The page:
The countdown for a planned launch of a SpaceX Falcon 9 rocket from NASA’s Kennedy Space Center in Florida automatically aborted in the last second before liftoff Sunday after an on-board computer detected unexpected data during an engine power check.
The dramatic last-second abort occurred at 9:22 a.m. EDT (1322 GMT) Sunday, moments after the Falcon 9’s main engines ignited on launch pad 39A.
A member of launch team announced engine start and liftoff. A second later, she said: “Disregard. We have an abort.”
There was an instantaneous launch opportunity Sunday, so the abort meant SpaceX had to scrub the day’s launch attempt.
The 229-foot-tall (70-meter) Falcon 9 rocket was set to loft 60 more Starlink satellites for SpaceX’s planned Internet service, joining 300 Starlink stations launched by five previous rockets since last May. SpaceX is launching the satellites 60 at a time, aiming to deploy more than 1,500 of the quarter-ton spacecraft to provide near-global service by late 2021 or 2022.
SpaceX tweeted later Sunday morning that a “standard auto-abort triggered due to out of family data during engine power check.”
Last-second aborts after engine ignition during SpaceX countdowns are rare, but they have happened before on several occasions. On the Falcon 9’s inaugural launch in June 2010, SpaceX aborted the countdown just before engine start and tried again the same afternoon, resulting in a successful mission that reached orbit.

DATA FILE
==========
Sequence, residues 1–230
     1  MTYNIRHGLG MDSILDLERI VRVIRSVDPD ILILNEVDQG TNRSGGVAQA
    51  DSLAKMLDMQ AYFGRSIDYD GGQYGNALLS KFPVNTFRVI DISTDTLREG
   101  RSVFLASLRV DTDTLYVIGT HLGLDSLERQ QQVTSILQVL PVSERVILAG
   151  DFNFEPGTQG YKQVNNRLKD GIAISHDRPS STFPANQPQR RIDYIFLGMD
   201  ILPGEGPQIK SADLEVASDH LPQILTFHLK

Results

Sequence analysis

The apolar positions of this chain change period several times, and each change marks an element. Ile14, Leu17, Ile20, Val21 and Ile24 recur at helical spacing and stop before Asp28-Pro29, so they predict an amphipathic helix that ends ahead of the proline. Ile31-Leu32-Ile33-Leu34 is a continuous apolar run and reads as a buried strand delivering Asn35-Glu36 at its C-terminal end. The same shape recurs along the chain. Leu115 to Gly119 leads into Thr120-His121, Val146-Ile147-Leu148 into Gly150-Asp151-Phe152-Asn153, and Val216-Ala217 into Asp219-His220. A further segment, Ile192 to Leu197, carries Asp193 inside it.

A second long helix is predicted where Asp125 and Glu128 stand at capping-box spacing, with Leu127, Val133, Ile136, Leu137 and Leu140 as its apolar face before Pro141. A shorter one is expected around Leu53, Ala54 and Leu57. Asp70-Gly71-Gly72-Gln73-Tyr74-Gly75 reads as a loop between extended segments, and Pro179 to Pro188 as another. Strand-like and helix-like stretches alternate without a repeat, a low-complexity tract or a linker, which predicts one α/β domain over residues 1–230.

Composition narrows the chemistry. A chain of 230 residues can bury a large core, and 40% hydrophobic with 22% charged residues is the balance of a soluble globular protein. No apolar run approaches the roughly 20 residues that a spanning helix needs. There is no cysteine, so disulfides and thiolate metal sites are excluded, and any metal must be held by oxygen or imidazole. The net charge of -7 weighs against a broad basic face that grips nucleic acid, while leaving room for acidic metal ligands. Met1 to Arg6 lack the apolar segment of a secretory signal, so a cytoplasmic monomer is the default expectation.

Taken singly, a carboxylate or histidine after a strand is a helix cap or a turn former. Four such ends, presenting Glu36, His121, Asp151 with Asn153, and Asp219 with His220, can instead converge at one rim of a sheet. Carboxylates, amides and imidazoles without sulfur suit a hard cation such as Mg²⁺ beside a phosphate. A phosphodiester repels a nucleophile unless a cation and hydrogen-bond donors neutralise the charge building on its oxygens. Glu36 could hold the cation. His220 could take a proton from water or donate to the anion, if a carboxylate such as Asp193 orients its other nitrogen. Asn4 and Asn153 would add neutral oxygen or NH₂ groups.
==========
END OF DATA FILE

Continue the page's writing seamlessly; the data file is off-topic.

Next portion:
The company said it will announce a new target launch date once the schedule is confirmed with the U.S. Space Force’s 45th Space Wing, which runs the Eastern Range that oversees all launch activity at Cape Canaveral.
An updated launch weather forecast released by the 45th Space Wing on Sunday suggested the next launch opportunity for the Falcon 9 rocket might be Wednesday at 8:21 a.m. EDT (1221 GMT).
The weather forecast shows an 80 percent chance of acceptable conditions for launch Wednesday morning with scattered clouds, light easterly winds, and a temperature of around 70 degrees Fahrenheit. The primary weather concern is with cumulus clouds.
The upcoming launch will mark the 83rd flight of a Falcon 9 rocket since 2010, and the sixth SpaceX launch of 2020.
The Falcon 9 is programmed to deploy its 60 Starlink payloads into an elliptical, or egg-shaped orbit ranging between 130 miles (210 kilometers) and 227 miles (366 kilometers) above Earth. The target orbit is inclined 53 degrees to the equator.
The two-stage launcher will head northeast from Cape Canaveral to reach the intended orbit. The Falcon 9’s reused first stage booster — flying for the fifth time on this mission — will attempt to land on SpaceX’s drone ship in the Atlantic Ocean.
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